Judaism: Dvarim: The Human Drive for More
HaRav Avraham Yitzchak HaCohen Kook zts"lFirst Ashkenazi Chief Rabbi of Israel, revered and famed Torah sage, philosopher, writer, poet, iconic and beloved leader of religious Zionism and the return to Zion (1865-1935).
What is Di Zahav?
The book of Devarim opens with a detailed description of the location where Moses delivered his final speeches:
"These are the words that Moses spoke to all of Israel on the east bank of the Jordan river ... near Paran, Tofel, Lavan, Chazeroth, and Di Zahav." (Deut. 1:1)
Why do we need to know the precise location of Moses' orations? The Sages explained that these names all contained a special meaning - and a veiled rebuke - for those listening. Di Zahav, for example, was a reminder of the sin of the Golden Calf (zahav meaning 'gold').
According to one opinion, however, the name Di Zahav also indicated a justification for the behavior of the Jewish people:
"What is 'Di Zahav'? This is what Moses told God: Master of the World! It is because of all the silver and gold that You showered upon the Israelites - until they said, Dai! [Enough!] - that is what caused them to make the golden calf." (Berachot 32a)
Do you know anyone who had enough money, and refused to accept more?
The Human Drive For More
The basis of serving God is our natural, inner drive to continually grow and improve. The goal of life is to be close to God, Whose perfection is boundless. Thus, we must continually perfect ourselves in order to draw near to God. Of course, this aspiration can never be fully attained. We are never able to say, 'Enough! I have achieved everything.' Each accomplishment makes us aware of even greater challenges and goals.
In order to lead us on this path of continual improvement, God implanted within the human soul the incessant drive to always seek more. As Solomon said, "The soul will never be sated" (Kohelet 6:7). This drive also compels us in material acquisitions: "A lover of silver never has his fill of silver" (Kohelet 5:9). Our inner drive for more is an indication that we only attain our true goals through constant spiritual growth.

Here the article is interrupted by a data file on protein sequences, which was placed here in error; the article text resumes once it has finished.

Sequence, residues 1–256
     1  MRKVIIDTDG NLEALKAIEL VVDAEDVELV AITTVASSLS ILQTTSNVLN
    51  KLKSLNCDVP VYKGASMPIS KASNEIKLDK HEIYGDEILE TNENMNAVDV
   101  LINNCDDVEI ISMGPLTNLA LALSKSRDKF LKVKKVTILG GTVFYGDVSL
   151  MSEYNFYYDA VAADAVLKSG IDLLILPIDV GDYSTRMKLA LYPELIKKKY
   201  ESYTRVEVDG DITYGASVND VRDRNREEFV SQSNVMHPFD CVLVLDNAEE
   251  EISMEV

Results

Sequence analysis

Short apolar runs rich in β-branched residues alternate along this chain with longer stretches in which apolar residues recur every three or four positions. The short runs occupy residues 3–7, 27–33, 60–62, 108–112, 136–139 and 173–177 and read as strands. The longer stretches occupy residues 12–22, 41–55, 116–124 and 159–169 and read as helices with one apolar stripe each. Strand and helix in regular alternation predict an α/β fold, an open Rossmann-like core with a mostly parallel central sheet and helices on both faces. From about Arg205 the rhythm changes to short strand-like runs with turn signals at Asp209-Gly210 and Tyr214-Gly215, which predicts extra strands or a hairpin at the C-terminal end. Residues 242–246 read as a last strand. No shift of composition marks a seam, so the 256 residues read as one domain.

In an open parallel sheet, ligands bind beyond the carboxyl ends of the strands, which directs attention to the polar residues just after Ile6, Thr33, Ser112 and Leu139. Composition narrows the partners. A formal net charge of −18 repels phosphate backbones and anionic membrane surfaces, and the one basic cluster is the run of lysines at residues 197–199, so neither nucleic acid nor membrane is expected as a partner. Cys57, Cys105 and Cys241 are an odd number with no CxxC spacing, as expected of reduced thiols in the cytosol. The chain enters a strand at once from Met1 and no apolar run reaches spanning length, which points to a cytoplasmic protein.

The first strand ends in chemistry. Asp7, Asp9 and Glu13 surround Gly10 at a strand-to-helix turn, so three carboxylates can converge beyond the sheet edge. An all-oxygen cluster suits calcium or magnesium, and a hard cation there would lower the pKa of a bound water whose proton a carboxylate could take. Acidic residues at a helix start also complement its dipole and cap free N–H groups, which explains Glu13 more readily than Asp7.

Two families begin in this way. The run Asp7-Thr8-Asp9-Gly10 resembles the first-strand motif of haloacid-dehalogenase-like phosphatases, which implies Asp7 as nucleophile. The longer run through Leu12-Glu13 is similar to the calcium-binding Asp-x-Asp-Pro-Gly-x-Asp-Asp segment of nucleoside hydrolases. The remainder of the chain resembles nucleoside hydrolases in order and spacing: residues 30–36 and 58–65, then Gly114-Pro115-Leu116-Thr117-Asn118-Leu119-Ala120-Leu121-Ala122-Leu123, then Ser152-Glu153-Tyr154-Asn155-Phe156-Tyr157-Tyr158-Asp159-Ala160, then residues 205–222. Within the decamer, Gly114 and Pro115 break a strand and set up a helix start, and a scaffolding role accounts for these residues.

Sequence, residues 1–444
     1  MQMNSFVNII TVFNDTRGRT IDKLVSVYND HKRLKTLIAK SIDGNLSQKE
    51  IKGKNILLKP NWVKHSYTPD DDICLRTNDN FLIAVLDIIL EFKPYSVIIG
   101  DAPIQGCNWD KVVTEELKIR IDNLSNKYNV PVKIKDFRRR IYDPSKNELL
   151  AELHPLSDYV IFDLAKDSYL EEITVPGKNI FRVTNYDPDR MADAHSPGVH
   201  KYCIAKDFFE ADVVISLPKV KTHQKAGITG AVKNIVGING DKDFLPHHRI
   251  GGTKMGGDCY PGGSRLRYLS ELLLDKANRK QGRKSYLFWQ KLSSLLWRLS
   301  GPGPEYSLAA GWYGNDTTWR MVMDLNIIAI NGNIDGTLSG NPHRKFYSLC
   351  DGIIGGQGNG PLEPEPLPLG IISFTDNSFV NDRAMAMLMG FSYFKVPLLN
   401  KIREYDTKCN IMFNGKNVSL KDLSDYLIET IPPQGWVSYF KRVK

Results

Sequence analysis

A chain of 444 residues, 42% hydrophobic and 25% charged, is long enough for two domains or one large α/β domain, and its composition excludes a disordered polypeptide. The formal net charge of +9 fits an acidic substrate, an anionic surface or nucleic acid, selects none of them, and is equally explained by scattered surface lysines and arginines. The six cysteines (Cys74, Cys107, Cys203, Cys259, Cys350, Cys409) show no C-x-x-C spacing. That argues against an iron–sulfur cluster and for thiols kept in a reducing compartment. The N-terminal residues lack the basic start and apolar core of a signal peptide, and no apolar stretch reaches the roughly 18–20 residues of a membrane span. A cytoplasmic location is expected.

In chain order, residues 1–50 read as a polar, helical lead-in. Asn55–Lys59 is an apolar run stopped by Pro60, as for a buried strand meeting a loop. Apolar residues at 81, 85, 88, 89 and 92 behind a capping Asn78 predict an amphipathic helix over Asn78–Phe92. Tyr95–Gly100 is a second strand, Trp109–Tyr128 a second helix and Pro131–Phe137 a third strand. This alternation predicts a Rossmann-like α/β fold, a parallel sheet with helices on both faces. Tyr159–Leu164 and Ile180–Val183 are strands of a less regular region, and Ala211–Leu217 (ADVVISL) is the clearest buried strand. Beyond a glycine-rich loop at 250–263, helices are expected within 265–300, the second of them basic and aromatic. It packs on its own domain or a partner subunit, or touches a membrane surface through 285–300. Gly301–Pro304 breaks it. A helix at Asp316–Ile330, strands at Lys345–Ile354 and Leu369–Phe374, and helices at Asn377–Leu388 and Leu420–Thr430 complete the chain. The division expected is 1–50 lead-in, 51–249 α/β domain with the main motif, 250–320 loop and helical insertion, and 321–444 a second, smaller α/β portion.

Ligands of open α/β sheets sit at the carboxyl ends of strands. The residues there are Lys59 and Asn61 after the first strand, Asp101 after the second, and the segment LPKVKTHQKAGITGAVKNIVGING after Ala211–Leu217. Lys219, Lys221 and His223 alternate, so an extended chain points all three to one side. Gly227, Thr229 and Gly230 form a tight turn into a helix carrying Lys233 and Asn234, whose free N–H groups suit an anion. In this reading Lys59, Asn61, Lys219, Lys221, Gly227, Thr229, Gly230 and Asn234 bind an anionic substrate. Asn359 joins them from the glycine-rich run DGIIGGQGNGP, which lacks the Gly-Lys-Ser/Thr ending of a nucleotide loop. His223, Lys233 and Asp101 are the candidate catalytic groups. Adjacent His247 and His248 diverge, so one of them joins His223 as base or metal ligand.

When the Israelites were in the wilderness, all of their physical needs were taken care of. They drew water from the well of Miriam, manna rained down from the sky, and their clothes never wore out. In this situation, they had little to gain by seeking more possessions and wealth. Just more to carry, perhaps. The soul's natural drive was artificially suppressed, so thatwhen the Israelites were showered with more silver and gold than they could ever need, their response was - Enough!
This was Moses' defense for the Jewish people. Their unique existence in the wilderness, when all their needs were miraculously provided, stifled their soul's natural desires for more. Dependent upon gifts from heaven, lacking challenges and goals, they became satisfied and indolent. And this impacted their spiritual aspirations.
Since their natural drive to continually growwas weakened, the Israelites turned to more easily attainable spiritual goals. And this is what led them to the sin of the Golden Calf.
What is the root of idolatry? It is the psychological desire to cleave to something closer to us, something tangible and finite. It is the choice not to seek out the infinite and boundless, butto take the easier route, to be content worshipping a force or power which we can easily identify and relate to.
This aberrant form of spirituality suited a people with limited aspirations. Thus Moses told God: 'Di Zahav - it is because of all the silver and gold that You showered upon the Israelites, until they said, Enough! - that is what caused them to worship the golden calf.'
Adapted from Ein Eyah vol. I, pp. 140-141, sent to Arutz 'Sheva by Rabbi Chanan Morrison. Rav Kook on the Net: RavKookTorah.org